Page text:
Today’s story shall be told mostly in pictures.
Here are Kenny and I last year, after racing the Tour de Donut.
Apart from the magnificently appropriate backdrop of the line of portapotties, my favorite thing about this photo is . . . me.
I look fantastic.
Yes, in spite of the fact that I had just eaten ten donuts, I look great. Leadville was just a month away and — while I didn’t know it for sure — I was light (about 156 pounds, if I remember correctly) and fit enough that a sub-9 was looking entirely possible.
And a few weeks later, I’d cross the Leadville finish line in 8:18:01, looking like this:
Ecstatic, for sure. Salty, certainly. And my teeth were just a little bit on the grimy side:
Importantly, though, in an unposed picture — one where I did not have time to suck my gut in — my stomach looked like this:
To be sure, there are people who look a lot skinnier (and better) in bike jerseys, but for me, this is about as good as it gets.
So. Let’s fast-forward to the present, shall we?
Here’s a photo The IT Guy took during the first few miles of the 2012 RAWROD:
OK, now let’s zoom in on me a little closer.
Yeah. That’s . . . um . . . not good (and I’m not talking about the fact that at the moment I was in possession of The Daisy).
How did this happen? In a couple of ways.
The Tragedy of Self-Delusion
The Hammer and I both came off of last year so fast and fit that we somehow thought that we’d be that way forever (so far, she has retained and built on that strength and fitness; you can see that I have not). So we set ourselves the most challenging race season ever:
- The Crusher in the Tushar: 69 miles, a ridiculous amount of climbing, big parts of the ride on road, big parts of it on dirt.
- The Leadville 100: I think I’ve talked enough about this race for one lifetime.
- The Breck Epic: The main event of the season. Six freaking days of mountain bike racing on high-altitude singletrack. This will start the day after the Leadville 100, so that’s a nice long recovery period.
So you’d think I’d start getting myself in shape and stuff. Which leads to the second, most important reason I’ve managed to let myself go to fat like this.
I am currently the very picture of a physical state that may be impossible for any sport but cycling:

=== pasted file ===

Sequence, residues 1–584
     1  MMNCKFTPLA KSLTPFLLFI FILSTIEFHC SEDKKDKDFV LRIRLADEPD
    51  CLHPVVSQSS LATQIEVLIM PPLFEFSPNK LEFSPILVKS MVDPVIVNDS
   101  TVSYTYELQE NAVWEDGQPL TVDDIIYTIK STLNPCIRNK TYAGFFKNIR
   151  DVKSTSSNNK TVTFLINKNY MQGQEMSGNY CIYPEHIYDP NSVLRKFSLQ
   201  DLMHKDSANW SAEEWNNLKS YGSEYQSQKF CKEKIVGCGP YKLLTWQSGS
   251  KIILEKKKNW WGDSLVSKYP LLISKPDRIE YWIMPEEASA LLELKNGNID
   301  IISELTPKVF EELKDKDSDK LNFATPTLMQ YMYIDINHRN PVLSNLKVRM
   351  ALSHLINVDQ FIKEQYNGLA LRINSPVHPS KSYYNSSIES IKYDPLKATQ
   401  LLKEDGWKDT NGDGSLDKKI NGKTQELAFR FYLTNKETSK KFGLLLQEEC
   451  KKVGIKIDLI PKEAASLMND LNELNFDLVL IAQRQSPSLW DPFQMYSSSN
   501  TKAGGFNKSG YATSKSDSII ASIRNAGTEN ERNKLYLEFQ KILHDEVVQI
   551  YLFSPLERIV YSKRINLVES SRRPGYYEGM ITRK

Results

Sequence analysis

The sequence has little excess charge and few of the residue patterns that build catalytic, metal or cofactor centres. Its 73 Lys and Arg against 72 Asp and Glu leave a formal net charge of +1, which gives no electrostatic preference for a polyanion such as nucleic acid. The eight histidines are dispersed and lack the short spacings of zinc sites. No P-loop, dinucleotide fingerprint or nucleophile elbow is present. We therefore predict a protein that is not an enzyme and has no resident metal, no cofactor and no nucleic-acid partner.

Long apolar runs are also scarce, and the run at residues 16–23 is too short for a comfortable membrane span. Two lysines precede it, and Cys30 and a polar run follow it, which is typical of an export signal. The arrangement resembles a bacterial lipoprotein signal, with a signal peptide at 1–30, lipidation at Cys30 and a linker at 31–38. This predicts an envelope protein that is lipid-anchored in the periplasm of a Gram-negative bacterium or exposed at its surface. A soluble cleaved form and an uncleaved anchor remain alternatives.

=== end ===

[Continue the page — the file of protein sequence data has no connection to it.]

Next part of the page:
I am Fit-Fat.
Which is to say, thanks to a nice dry winter, I kept on riding. My legs and lungs are actually really great right now (see picture above). I was able to ride the White Rim in one day, on a singlespeed, without particular difficulty, and I felt good enough that I went riding again the next day.
That’s the “Fit” part of Fit-Fat.
The “Fat” part is because I am part bear. Which is to say, when it’s winter, I eat a lot. And I have to fight a near-constant urge to climb into a cave and sleep for a couple months.
The danger of being Fit-Fat is that it kinda sneaks up on you. Winter comes and goes, but you’re still wearing the larger, loose-fitting jerseys, which you used to tell yourself you needed to wear because you had a base layer underneath. But deep down, you know that you’re wearing them because the so-called “base layer” is just a big ol’ gut.
And you find reasons to not get on the scale.
But because you’re strong and have a good aerobic base, you can — in general — still hang with everyone one during the group rides. Sure, you work harder on the climbs, but you’ve got the legs to make it work.
And then full-blown Spring arrives, with Summer hot on its heels. And there is no hiding. If everyone else is Fit, being Fit-Fat isn’t enough.
I’ve got to lose some major weight, pronto. Or I’m going to be writing stories about how The Hammer had to wait for me at the aid stations at the Breck Epic.
That prospect does not delight me.